Former Bank Building Near Six Corners Set to Become Grocery Store

By Heather Cherone on April 24, 2013 7:03am 

PORTAGE PARK — A building that could jump start the revitalization of the Six Corners Shopping District has been sold and is set to become a grocery store.

Mike Bousis, the owner of Cermak Fresh Markets, said he paid $2.9 million for the former Bank of America building at 4901 W. Irving Park Road and plans to tear it down to build a new grocery store that will feature ethnic foods, a full-service bakery and prepared food.

"We will cater to the community," Bousis said. "It will definitely be multicultural, an international market."

Cermak Fresh Market has locations in Aurora and Milwaukee, and plans to open a number of new stores in Chicago, Bousis said.

"There is a definite need for another grocery store in this area," Bousis said. "We can bring something special."

Based on a survey by ESRI, a national vendor of business data, Northwest Side residents spend $141 million on shopping and eating outside the area. That situation creates a significant "retail gap" and an opportunity for new shops and restaurants to claim that business, according to the report.

The retail gap in the grocery category is $6 million, the study found.

Restaurants and stores selling specialty food, home decor, and apparel and accessories are needed additions to Six Corners, the survey found.

The new store, which will compete with the Jewel grocery store, 4660 W. Irving Park Road, and Family Fruit Market, 4118 N. Cicero Ave., will feature a full-service deli and meat counter as well as a big bakery, with seating inside, Bousis said. Prepared food will also be sold, Bousis said.

The store will also feature a variety of ethnic food, including Mexican and Eastern European fare, Bousis said.

A city-commissioned master plan, completed in January, said efforts to revitalize the area around Irving Park Road and Cicero and Milwaukee avenues, which was once Chicago's premier shopping district outside the Loop, hinge on the redevelopment of the former bank building, which has been vacant since 2011.

The nearly 63,500-square-foot building, which covers half a city block between Lamon and Lavergne avenues, should be used to anchor the redevelopment of the western edge of the shopping district, according to the master plan.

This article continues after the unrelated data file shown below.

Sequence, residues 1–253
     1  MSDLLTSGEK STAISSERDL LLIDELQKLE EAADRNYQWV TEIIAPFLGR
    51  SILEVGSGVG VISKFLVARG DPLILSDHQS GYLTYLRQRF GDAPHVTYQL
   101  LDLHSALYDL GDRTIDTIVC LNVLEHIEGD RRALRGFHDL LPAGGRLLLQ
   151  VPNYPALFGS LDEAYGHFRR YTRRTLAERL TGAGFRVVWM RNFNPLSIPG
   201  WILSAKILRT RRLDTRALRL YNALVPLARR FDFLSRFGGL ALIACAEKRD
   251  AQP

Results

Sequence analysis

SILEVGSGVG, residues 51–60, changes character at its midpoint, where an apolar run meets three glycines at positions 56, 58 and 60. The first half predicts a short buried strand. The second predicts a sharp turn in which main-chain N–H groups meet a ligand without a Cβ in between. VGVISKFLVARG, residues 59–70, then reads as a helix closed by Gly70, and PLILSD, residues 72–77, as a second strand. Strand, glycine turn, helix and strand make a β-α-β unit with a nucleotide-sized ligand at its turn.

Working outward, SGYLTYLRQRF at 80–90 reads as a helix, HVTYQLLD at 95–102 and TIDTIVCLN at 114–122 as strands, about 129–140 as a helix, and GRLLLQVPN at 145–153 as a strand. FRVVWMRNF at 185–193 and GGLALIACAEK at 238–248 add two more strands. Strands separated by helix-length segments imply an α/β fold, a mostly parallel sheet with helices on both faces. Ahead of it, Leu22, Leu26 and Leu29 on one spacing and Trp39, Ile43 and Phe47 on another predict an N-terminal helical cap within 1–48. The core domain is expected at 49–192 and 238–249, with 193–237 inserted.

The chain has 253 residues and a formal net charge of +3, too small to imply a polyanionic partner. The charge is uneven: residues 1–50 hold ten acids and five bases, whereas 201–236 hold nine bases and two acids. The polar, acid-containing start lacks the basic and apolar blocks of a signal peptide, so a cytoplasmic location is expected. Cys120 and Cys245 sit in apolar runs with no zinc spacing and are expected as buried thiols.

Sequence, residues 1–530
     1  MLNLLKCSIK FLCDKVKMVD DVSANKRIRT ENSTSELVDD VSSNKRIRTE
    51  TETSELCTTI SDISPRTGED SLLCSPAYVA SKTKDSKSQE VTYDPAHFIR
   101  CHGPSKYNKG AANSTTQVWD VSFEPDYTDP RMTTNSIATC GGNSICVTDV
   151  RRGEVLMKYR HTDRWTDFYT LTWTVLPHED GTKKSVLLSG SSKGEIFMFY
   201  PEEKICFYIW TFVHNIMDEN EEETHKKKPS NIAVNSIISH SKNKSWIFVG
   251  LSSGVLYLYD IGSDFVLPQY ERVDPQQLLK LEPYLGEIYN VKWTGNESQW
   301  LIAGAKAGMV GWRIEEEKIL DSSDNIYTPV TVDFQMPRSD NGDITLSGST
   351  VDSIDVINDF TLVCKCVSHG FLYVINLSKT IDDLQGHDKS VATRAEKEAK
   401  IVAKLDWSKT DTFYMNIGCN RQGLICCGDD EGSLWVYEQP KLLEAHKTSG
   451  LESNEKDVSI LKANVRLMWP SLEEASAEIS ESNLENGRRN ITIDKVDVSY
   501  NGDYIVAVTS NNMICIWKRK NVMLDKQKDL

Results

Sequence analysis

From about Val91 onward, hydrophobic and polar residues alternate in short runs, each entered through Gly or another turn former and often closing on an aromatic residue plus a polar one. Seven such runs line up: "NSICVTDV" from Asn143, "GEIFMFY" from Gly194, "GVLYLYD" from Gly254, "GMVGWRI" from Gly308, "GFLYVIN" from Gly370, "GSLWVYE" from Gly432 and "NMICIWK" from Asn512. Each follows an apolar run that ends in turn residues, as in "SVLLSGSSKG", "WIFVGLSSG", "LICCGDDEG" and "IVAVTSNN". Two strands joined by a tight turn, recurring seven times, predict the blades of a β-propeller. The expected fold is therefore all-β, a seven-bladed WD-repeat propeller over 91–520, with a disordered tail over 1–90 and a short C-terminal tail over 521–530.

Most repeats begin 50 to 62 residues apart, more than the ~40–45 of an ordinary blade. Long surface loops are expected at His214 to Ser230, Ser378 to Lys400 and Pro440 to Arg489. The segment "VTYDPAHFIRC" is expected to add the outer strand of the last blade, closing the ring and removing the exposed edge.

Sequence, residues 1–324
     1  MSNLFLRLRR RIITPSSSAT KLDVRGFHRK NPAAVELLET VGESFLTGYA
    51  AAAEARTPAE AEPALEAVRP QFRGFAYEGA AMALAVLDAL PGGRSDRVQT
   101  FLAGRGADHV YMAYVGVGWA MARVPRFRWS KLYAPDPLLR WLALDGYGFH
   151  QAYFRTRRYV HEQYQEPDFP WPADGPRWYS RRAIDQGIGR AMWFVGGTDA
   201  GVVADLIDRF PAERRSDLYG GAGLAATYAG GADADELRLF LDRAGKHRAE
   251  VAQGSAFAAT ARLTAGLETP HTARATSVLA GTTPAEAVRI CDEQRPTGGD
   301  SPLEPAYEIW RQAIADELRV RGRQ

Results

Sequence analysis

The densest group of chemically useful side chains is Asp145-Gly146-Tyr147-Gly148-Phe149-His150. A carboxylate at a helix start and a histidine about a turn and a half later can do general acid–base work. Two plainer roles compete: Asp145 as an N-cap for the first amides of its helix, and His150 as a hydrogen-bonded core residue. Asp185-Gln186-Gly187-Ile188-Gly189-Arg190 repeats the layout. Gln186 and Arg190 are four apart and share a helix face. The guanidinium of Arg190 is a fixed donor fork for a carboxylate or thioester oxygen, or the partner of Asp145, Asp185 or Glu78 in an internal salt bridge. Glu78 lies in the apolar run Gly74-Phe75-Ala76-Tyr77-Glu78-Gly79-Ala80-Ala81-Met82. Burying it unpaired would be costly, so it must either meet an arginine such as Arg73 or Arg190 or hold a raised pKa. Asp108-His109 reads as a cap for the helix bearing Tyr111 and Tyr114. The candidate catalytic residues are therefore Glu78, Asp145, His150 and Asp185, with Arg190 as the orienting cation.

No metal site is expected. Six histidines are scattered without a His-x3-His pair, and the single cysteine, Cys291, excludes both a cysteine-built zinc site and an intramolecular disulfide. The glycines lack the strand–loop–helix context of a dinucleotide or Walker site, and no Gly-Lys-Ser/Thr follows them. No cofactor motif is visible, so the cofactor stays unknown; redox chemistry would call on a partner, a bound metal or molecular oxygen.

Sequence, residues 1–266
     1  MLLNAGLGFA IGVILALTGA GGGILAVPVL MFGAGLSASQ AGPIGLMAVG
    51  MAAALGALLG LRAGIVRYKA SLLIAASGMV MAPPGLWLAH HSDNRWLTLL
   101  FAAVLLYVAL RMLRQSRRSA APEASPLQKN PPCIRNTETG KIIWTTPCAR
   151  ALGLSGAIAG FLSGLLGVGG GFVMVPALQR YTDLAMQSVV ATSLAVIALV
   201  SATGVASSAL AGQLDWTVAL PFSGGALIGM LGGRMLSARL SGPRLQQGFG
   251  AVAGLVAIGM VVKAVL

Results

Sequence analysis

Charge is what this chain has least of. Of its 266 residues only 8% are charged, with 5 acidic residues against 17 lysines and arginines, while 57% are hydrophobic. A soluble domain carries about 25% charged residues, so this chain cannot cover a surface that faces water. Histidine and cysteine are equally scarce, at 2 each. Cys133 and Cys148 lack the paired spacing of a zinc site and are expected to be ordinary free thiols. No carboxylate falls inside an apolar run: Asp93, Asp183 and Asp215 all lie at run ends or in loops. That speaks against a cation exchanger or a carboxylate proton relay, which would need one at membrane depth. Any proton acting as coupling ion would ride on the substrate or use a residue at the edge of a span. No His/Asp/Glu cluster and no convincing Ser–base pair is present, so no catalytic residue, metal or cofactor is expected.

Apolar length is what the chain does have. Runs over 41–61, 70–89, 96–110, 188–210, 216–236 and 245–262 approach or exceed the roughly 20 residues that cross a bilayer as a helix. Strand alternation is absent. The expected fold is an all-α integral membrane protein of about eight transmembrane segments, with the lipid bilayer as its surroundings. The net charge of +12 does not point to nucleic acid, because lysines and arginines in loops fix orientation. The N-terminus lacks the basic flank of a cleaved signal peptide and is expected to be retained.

Bousis said he had considered renovating the building in an effort to save the 300-seat theater on the second floor, which was once home to the Northwest Chicago Film Society. Movies were shown there from 1971 to 2010.

Although the theater was being marketed to local arts organizations, damage done to the building and the theater by vandals would be too expensive to repair, Bousis said.

"There is a lot of damage," Bousis said. "The seats were torn, the copper wiring was torn out. We could never make it work."

The new grocery store could open in two years, Bousis said.

Ed Bannon, the director of the Six Corners Business Association, said he was eager to see details about the proposed development.

"We're happy that the property has changed hands," Bannon said. "It is always a good sign when someone is willing to invest in the area."

Ald. John Arena (45th) has been working to turn Six Corners into an arts and culture Mecca that would draw people from all over the city with the promise of a show and dinner, an effort endorsed by the master plan.

Bousis also bought an adjoining property from Bank of America at 4939 W. Irving Park Road, which is now a single-story store. In addition, the property includes two parking lots. There are 184 parking spots north of Dakin Street from Lavergne on the west to Lamon on the east, separated from the building by an alley. A lot with 76 spaces is south of Dakin at Lamon.

The master plan envisions a three- or four-story, mixed-use development on the former bank property, as well as restaurants along the side streets away from Irving Park.

In addition, the master plan envisions eight townhomes on the site of the smaller parking lot south of Dakin, in keeping with the land's residential zoning designation as well as the nearby homes. A small neighborhood park or playlot serving the families located south of Irving Park would also be appropriate for this area, according to the master plan.

Bousis said he had reviewed the master plan, and would take it into account as much as possible, adding that he is looking forward to working with Arena.

"But we have to make it work financially, and the city will do what creates the most jobs and tax revenues," Bousis said.

Owen Brugh, an aide to Arena, said the alderman had not heard from Bousis about his plans for the property. The new grocery store would most likely require a zoning change, because the property has both residential and commercial zoning designations. Zoning changes typically require the approval of the alderman as well as other city officials.

In addition, the 4900 block of Irving Park Road is part of a pedestrian overlay zoning district, which is designed to protect walkable shopping districts.

The extensive regulations, which are designed to promote transit, economic vitality and pedestrian safety and comfort, cover everything from how much window space buildings must have, where doors should be located and how far the building should be set back from the sidewalk, according to the city code.

Bannon said the fate of the proposal would be important for the future of Six Corners. Several new restaurants are planned for the area, and a new museum and theater opened earlier this year.

"The right kind of development could spur growth and continue the momentum that we've created," Bannon said. "The wrong kind could be a drag."

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